The development of Maori media and the proliferation of social media is having a profound impact on Maori workers. Years ago when I delivered media training to Maori organisations, they were innately suspicious of the media, afraid of any contact from them, because of the racist coverage that might follow.
Things have changed, however. Maori Television, Te Karere, Marae Investigates, Te Manukorihi News on Radio New Zealand, iwi radio – these are relatively new channels that are more sympathetic to Maori issues. If you are involved in any type of Maori work, it’s highly likely that you will come into contact with Maori media at some stage, and you can expect the interaction to be positive.
Social media is also huge. Maori love Facebook, which has become like a new marae; the place where we gather and catch up with whanau. Many organisations have a Facebook presence, even-though it poses a few challenges and risks. Facebook invites feedback from our audience and for organisations sensitive to criticism, jettisoning themselves into this space can raise a few issues. Some of them do it superbly though, especially when they are confident in their voice, and are fearless.
I too have had cause to reflect on my own brand of late. Until this year I had the safety of an organisational brand and structure, through the Maori child advocacy organisation Mana Ririki, to shield myself. In media interviews, I represented the brand, which felt like a safety net.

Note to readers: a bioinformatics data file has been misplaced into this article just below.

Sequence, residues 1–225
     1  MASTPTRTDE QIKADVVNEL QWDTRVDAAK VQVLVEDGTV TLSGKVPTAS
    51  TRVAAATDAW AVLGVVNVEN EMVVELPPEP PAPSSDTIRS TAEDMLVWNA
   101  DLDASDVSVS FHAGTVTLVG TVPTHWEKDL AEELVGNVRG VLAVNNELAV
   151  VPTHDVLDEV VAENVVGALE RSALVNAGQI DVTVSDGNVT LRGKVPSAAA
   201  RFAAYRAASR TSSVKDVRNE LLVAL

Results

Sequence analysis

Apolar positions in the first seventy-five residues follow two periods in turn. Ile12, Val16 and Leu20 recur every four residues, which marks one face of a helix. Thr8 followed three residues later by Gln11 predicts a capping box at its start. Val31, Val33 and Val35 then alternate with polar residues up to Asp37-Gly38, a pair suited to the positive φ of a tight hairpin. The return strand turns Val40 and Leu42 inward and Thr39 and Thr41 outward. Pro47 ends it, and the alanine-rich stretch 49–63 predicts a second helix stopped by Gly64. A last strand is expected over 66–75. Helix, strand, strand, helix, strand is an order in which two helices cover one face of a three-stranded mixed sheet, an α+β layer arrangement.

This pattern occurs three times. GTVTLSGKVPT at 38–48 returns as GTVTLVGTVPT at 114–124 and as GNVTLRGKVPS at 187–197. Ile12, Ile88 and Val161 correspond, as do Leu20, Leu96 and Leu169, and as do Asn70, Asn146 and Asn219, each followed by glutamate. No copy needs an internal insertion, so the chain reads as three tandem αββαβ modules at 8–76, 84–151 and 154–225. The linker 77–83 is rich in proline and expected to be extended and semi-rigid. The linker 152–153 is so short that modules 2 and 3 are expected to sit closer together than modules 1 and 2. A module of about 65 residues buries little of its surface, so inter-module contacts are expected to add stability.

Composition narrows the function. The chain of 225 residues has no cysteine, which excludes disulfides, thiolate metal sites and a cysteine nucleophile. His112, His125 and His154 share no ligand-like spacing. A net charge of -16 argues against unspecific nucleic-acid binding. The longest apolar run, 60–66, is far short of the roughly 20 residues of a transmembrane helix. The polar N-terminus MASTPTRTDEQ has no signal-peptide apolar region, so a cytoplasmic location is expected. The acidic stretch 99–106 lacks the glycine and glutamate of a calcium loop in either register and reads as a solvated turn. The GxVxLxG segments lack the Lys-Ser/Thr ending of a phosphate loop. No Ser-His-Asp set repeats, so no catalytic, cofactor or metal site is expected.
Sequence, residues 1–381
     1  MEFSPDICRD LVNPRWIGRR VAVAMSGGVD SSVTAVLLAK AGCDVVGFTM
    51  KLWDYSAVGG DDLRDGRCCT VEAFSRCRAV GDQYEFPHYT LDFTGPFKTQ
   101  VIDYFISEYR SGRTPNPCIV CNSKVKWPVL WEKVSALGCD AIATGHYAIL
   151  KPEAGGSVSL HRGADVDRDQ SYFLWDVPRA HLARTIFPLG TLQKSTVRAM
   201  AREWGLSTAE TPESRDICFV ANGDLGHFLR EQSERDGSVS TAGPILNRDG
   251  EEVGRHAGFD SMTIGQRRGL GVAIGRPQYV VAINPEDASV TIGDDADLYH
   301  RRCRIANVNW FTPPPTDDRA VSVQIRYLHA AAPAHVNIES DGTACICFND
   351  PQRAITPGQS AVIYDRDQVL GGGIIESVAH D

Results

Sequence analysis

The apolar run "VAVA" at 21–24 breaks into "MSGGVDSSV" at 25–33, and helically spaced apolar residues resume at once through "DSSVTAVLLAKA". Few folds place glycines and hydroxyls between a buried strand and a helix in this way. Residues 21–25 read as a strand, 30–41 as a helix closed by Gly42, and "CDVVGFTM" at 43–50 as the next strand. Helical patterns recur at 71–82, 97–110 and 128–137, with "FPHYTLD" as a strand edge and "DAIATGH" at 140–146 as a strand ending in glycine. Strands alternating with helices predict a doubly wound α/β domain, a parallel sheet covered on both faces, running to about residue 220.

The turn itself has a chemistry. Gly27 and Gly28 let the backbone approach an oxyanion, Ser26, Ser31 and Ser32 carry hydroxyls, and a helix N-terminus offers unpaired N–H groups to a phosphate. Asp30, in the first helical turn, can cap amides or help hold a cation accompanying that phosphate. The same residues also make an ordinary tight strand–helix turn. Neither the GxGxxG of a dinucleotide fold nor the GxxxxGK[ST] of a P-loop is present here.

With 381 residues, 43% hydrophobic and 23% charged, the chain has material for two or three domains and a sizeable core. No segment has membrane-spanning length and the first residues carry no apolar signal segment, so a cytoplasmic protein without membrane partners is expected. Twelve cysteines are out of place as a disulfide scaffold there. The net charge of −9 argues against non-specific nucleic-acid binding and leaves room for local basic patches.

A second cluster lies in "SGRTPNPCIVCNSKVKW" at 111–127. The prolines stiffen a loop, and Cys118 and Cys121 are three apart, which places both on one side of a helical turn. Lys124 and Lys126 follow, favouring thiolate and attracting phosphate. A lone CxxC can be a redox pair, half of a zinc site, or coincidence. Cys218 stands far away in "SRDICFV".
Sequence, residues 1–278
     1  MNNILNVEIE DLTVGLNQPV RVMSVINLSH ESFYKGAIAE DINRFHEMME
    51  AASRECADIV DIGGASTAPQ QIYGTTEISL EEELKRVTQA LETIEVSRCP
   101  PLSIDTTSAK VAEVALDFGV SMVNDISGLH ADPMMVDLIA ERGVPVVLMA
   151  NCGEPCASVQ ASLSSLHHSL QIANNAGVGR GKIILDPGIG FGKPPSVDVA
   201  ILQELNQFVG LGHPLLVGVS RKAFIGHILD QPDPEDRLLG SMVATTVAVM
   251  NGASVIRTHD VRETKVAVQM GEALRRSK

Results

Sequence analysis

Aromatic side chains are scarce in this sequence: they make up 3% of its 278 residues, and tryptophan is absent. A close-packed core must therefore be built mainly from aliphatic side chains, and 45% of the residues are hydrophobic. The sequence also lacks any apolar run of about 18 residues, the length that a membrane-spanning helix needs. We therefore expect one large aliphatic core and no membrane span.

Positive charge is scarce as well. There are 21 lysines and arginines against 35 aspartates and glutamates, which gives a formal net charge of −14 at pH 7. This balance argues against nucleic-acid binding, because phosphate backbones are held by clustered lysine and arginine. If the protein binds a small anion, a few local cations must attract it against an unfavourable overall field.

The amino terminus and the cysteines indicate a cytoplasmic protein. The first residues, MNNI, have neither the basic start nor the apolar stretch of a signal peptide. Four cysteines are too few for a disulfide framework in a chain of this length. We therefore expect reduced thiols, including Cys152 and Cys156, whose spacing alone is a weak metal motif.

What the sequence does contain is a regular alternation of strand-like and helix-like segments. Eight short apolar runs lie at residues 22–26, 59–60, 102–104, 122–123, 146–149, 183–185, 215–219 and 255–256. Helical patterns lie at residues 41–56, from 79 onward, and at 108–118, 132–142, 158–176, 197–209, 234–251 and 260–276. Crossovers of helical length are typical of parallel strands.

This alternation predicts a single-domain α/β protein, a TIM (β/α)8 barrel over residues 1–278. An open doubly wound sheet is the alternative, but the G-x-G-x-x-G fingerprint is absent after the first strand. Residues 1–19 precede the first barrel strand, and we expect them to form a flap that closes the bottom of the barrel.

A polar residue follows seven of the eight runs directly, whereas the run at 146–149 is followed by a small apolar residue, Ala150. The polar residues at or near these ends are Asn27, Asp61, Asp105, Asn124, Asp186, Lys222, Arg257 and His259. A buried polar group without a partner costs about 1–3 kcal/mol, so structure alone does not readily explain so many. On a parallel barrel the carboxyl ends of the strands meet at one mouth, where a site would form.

When the government announced its hardship package for vulnerable families in the Budget, I gave interviews to Maori media as me, Anton Blank, the child-advocate. I am now my brand. Speaking at a post-budget breakfast, I realised I was presenting one singular Maori perspective, and without an organisational mandate, I had to rely on my moral compass to decide what I wanted to say.
So, I said that because poverty had hit Maori and Pasifika hardest over the last three decades, and we had seen an exponential growth in poverty over the time, the new hardship measures would do little to substantively change the situation for poor Maori and Pasifika. I felt isolated, with many child advocates viewing the hardship package as a positive step.
Her colleague Dr Manuka Henare published the first definitive description of Maori and Pasifika child poverty four years ago, and Mokopuna Ora provider Whakawhetu is now in the process of commissioning narrative interviews with poor Maori whanau. The interviews will explore how these families experience poverty and what resilient factors are present that lift some Maori families out of poverty.
The development of a Maori discourse around poverty is important because we need to be the masters of our own destiny. At the moment our identity is influenced and defined by very depressing health and social profiles served up to us by government statisticians. Carla Houkamou’s research shows that as Maori we think about issues like poverty and wealth very differently to other cultures. We need to write our own profiles and re-frame our experience, we need to be in charge of the solutions. Only then can we be truly free.